Mosque transformation plan rejected amid parking and land concerns

A mosque’s plans to transform its facilities for the benefit of its worshippers have been blocked.

Masjid-e-Umar in Bills Street, Darlaston. PIC: Google Street View
Masjid-e-Umar in Bills Street, Darlaston. PIC: Google Street View

The Muslim Welfare Society had wanted to extend the Masjid-e-Umar in Bills Street, Darlaston, and provide increased spaces for the activities because the existing building was no longer fit-for-purpose.

But planning officers at Walsall Council have rejected the scheme because of concerns the development would have an impact on highways safety.

A second reason given for the refusal said the applicants had not addressed concerns about land stability due to previous coal mining activity in the area.

Had the proposal been agreed, an extension would have been built while the height of the property would have been increased to provide roof space and two new minarets built on the front.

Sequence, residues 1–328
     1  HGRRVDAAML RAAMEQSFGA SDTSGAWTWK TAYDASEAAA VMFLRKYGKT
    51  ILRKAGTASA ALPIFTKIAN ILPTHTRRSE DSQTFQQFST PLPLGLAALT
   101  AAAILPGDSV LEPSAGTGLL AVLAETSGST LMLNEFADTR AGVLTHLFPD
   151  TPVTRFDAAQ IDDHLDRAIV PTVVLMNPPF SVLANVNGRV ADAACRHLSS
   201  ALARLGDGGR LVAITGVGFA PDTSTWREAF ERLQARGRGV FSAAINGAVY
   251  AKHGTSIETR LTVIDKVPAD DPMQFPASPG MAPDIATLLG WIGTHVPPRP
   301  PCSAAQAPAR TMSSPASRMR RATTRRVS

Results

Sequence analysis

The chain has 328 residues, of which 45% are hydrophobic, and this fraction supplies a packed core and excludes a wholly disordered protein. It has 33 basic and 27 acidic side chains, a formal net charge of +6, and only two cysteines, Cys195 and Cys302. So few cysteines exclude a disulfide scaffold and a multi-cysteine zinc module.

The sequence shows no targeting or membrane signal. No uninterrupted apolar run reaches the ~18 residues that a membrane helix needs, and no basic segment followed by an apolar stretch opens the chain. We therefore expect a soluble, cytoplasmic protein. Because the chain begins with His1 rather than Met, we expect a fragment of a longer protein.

It would also have featured two new main entrances fronting Bills Street and away from other residential properties.

Agents Catalyst Design Ltd said: “Generally, the number of people that use the building on a daily basis will not greatly increase with the exception of the proposed much improved facilities for woman and people with disabilities.

“The larger floor area will allow activities to take place without having to overlap into the prayer areas.

“The society will continue to offer the existing services with the five daily prayer from dawn to the night time prayer. The times vary due to the sun rise and sun set in summer and winter.

“The dawn prayer is attended by a small number of people. The main prayer will continue as present after midday on Friday.

“The improved facilities may encourage woman to attend but overall, it is not expected that the number will increase greatly from the present total.

“The larger area will allow activities to be provided for the elderly during the daytime and for the women classes and indoor recreational facilities.

“The main purpose of the proposed extension is to provide separate spaces for the activities of the society.”

But in making the decision, planners said: “The car parking arrangements are detrimental to highways safety by reason of inadequate visibility splay at the car park entrance and inadequate provision with the car park for pedestrian circulation and at the main entrance to the building.

“The submitted plans and supporting information fails to address the potential risks due to the past coal mining activity. Therefore the proposal fails to ensure the safety and stability of the development.”

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